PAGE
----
Strengths
    -The new method is well-described and seems to have considerably less crosstalk than previous attempts at in vivo two-color STED imaging. The analyses and controls of the method are compelling. I think that this method could be valuable for examining how different components of the synapse are changing in response to sensory or environmental changes.

    -The method is appropriate for measuring the size of PSD95 and spine head size in the enriched environment paradigm they use here. They find that in the short-term spine head size and PSD95 size are not always correlated.

    -They also find that there is less variability in the spine head size in animals in an enriched environment.

    Weaknesses
    -The authors use an enriched environment plasticity paradigm to showcase the method and measure spine head and PSD95 size and how they change over short periods of time. This particular biological study is not well-motivated and there is not a stated reason for studying the short-term (30-120 minutes) dynamics of PSD95 and spine head size, and their correlations. They also show that the variability in spine head size is decreased with the enriched environment, but do not show what the implications of that change would be from a biological point of view for synaptic dynamics or synaptic function.

    -The authors show that there are differences in the morphology of PSD95 between mice reared in enriched environments and those in control environments. While this quantification is done blindly by three different analysts, it is not done in a quantitative way. Also the authors do not show or explain the biological relevance of differences in the morphologies of PSD95, thus it is not clear what this measure means for synaptic plasticity or function.

    -The authors use a cranial window preparation, which is commonly used in the literature. However, it is not clear how long they wait to image the mice after the cranial window. Previous work from Xu et al. (PMID: 17417634) suggests that there is in an increase in glial activation for a period of up to a month after surgery. The authors have not shown the degree of glial activation that follows after their surgeries and if they have not waited a month, there may be upregulation of microglia, which may alter synaptic stability (also demonstrated in the same paper). The authors have not discussed this point or the implications for their findings.

    Was this evaluation helpful?
  5. Reviewer #3 (Public Review):

    Wegner et al. use two-color STED to follow spines and their PSDs in layer1 of mouse visual cortex over 2 hours under anesthesia. They compare mice that were kept in an enriched environment (EE) to control mice housed in standard laboratory cages. Spines in EE mice are larger and show larger fluctuations in size. PSDs in EE mice shrink during anesthesia and tend to change their nanostructure. Very importantly, changes in spine size were not driven by PSD size changes, or vice versa. Technologically, this is a landmark study, as tracking two different labeled structures in individual synapses at the nanoscale can obviously be applied to a large number of synaptic proteins and organelles, two at a time. Single-color superresolution microscopy is much less useful, as 'puncta in space', without cellular context, are difficult to interpret. This pioneering work is the first proof-of-concept of two-color in-vivo STED and of major importance for the community. Although stochastic processes seem to drive much of the synaptic dynamics under anesthesia, the environment shapes the spine size distribution and affects synaptic dynamics in a lasting fashion.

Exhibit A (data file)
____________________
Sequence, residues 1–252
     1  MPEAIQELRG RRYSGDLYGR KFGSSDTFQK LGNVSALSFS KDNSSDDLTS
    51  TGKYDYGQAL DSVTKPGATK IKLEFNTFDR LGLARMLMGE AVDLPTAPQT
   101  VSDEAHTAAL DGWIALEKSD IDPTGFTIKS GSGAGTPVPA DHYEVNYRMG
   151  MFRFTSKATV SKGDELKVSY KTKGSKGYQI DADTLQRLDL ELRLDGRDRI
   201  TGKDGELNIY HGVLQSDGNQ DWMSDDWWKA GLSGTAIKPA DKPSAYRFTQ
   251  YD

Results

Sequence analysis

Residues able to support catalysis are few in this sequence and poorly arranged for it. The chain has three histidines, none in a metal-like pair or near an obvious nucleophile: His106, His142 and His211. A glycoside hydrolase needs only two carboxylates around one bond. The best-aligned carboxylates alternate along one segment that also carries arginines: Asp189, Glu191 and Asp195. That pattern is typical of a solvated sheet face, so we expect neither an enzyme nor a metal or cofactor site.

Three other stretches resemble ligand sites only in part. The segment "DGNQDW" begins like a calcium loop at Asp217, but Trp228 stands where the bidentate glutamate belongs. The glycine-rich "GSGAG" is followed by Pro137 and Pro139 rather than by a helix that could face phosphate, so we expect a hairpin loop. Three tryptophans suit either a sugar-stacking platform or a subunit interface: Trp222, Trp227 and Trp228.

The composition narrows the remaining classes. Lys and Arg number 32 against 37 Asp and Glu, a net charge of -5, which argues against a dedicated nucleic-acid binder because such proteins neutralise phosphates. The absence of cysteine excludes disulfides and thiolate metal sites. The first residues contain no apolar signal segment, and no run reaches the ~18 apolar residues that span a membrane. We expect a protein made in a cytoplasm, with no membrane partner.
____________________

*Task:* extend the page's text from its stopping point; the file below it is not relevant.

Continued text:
One major comment:
    l.259: "These results suggest that Ctr housed mice undergo stronger morphological changes." This I find a bit misleading. What about: These results suggest that anesthesia induces stronger morphological changes in Ctr housed mice? Altogether, a discussion of the potential effects of anesthesia on spine/PSD dynamics is missing (see e.g. Yang et al., DOI: 10.1371/journal.pbio.3001146). The fact that there was weak correlation between spine head and PSD fluctuation could have something to do with the state of suppressed activity the system was in during imaging. Under conditions of intense processing of visual information, changes might have been more rapid and more tightly correlated. This could be mentioned as a perspective for the future - to visually stimulate the anesthetized animal.

    Was this evaluation helpful?